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You may also find our page How to Become a Freelance Writer helpful.

The best approach is to firstly find out what other agencies and freelancers charge, which means carrying out a bit of a ‘mystery shopper’ exercise. Call various freelancers and agencies (or ask friends to help you if you feel the need to remain anonymous) and ask what their hourly rate is – and then maybe ask for a typical price for a specific project. For example – writing an article from scratch including research, or editing a 20 page document.

The ideal would be to have a pricing structure that is high enough for you to be able to live on. However in the early days you may need to compromise your rate to attract business, and you’ll also need to set aside around 30% of all income for tax. Remember of course that not all your hours in a week will be chargeable, as you will need time for admin, marketing, attending meetings and so on.

Once you have all of this information, you can then make sure that you pitch your pricing correctly, but remember to take into consideration the following . . .

Charging based on experience

A junior copywriter, or one that has just left college, is of course not going to be able to command the same rates as somebody that has been working for 30 years and has an impressive portfolio of work. It is really just a case of being sensible and knowing what you are worth. It’s also true that some customers will pay more than others. As soon as you start talking to a prospect, you’ll instantly get a feel for whether they are expecting you to write War and Peace for a fiver, or have far more money to throw around!

Charge more for higher value services

The next thing to consider is that you might not want to charge the same rate for all your services. For example, many agencies charge one hourly rate for creative/conceptual writing – for example a new strap-line or some ad copy – but a lower rate for something less creative, or even for copy editing or proof reading.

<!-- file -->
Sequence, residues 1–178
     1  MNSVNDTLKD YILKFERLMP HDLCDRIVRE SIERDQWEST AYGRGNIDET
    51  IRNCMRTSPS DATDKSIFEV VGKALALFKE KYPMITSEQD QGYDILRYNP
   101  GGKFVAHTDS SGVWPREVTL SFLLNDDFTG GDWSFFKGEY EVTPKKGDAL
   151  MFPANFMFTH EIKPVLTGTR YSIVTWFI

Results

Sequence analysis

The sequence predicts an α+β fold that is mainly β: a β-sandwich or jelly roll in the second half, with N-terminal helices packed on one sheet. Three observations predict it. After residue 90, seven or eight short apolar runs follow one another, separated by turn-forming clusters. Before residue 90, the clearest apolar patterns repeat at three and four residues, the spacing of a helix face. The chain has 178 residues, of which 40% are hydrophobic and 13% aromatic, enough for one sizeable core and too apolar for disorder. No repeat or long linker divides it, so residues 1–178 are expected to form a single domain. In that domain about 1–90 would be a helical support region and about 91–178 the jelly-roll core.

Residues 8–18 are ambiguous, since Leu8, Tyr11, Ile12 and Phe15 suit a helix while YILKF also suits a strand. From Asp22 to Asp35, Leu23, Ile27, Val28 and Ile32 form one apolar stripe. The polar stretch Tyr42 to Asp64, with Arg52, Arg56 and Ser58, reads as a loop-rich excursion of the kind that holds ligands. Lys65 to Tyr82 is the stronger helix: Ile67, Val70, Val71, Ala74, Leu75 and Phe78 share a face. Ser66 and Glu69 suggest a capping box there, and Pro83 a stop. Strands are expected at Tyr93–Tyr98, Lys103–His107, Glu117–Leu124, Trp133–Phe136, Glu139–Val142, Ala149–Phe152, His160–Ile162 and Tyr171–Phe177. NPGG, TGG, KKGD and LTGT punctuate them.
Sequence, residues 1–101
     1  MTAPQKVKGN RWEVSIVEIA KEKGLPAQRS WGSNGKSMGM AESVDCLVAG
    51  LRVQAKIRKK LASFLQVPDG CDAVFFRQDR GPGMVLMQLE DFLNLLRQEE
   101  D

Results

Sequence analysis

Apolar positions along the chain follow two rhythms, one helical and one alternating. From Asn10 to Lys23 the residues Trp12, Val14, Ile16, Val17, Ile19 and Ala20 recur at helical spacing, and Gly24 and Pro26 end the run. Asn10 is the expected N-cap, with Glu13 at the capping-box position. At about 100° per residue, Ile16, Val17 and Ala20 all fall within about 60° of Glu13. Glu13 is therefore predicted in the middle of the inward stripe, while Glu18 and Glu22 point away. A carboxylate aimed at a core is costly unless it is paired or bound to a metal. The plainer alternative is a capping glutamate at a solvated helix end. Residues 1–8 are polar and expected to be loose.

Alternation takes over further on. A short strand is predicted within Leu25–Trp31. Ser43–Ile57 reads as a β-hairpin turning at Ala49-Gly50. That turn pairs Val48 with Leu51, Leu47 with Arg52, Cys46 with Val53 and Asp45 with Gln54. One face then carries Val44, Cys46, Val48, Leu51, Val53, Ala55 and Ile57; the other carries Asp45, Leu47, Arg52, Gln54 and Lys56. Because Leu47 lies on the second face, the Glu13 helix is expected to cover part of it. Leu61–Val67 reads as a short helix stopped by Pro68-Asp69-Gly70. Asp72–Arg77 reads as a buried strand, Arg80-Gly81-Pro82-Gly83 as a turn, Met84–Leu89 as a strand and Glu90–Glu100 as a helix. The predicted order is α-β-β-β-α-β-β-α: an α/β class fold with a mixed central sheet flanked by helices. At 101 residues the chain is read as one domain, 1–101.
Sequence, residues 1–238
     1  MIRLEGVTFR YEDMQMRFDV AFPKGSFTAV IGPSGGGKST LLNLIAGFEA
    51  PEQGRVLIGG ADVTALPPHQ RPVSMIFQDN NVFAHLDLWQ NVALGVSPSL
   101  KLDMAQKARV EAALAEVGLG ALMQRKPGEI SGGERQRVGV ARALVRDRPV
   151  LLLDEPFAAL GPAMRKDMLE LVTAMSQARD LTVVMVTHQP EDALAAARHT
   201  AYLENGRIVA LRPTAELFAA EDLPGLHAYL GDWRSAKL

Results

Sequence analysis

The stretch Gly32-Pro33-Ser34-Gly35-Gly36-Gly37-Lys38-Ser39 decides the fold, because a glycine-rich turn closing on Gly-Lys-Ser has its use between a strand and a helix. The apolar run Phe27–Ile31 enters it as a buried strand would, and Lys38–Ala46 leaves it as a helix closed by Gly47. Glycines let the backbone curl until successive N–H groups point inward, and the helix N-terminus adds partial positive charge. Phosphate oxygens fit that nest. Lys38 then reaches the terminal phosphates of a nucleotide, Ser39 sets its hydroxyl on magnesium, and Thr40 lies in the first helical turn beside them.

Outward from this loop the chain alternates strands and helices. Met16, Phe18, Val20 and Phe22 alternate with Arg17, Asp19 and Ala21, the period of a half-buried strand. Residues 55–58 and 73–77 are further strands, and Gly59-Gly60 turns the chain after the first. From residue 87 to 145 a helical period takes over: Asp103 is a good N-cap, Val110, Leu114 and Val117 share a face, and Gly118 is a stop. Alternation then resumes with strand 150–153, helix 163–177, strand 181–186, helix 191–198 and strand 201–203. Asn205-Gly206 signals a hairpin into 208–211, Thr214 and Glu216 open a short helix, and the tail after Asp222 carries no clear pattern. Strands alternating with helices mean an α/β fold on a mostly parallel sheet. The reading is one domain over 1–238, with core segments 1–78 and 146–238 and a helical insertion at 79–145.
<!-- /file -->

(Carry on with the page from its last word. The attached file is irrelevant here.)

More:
As a rough guide, anything between £40 and £60 per hour seems to be around the right figure (Nov 2010) – maybe with conceptual work at around £75 and proof reading at around £30. But these are of course just rough ideas based on our own information. It is definitely worth doing your own research – as rates may also vary depending on where you are in the country. For example, a freelancer in London will undoubtedly charge more than one in rural Wiltshire.

Consider different rates for end clients vs agencies

Another thing to consider is whether you charge different rates depending on the type of client. For example, you may be able to charge a company’s marketing department £60 per hour as you are billing them directly, but an agency will need to mark up your rates and charge them on to the client, so they will expect a lower fee. The payback of this of course is that with an agency client, you are not just getting one customer, you are in effect getting potential business from all of their customers – with no marketing effort or ‘cost of sale’ to you once the relationship is established. So it’s only reasonable that you might need to charge a lower rate.

And what about the dreaded ‘author’s corrections’?

This is a complete minefield and you need to be very clear in your Terms and Conditions what your policy is going to be. Most agencies and freelancers will quote what they call ‘reasonable’ edits – which usually means a few adjustments here and there to get the copy absolutely right, and then maybe a few tweaks at artwork stage. You just need to decide at what point you start charging for these.

In any quote, state how may sets of author’s corrections are included, and what your hourly rate will be for future work. This covers you for situations which are bound to occur, for example when a lengthy document is almost finished and suddenly the client decides it should be written in the first person instead of the third person – so you have to edit it throughout!

Formal quotations

It is easy to agree a price verbally and then never get round to formalising it, but it is essential that you do – as you need to avoid misunderstandings later. Be clear about the price you are quoting and how many hours of work that actually allows for. Ensure that your Ts & Cs include details of whether you charge for meeting time, travelling time, expenses and so on. Just so there are no issues when you send in your invoice.

Selling existing work

This is a slightly different approach. Instead of writing what a client asks for, some copywriters will also write pieces based on subjects of interest to them, then try to sell these on as complete pieces of work. This is hard to make money from in the early days and usually only works for established copywriters who have developed a reputation – usually in a specific industry. However, it is not impossible to make money this way, especially if you have expertise in writing for a specific industry sector – for example technology or travel.

On average, 500 to 750 words is about right for an article – something that will fit on a side of A4 and leave room for an image. It’s worth writing these for ‘practice’ and even if you do not get paid for them in the short term, any one that does get printed can include your contact details – which will act as a marketing tool to drive traffic to your website. So you are still being ‘paid’ in a way, just not in hard cash.

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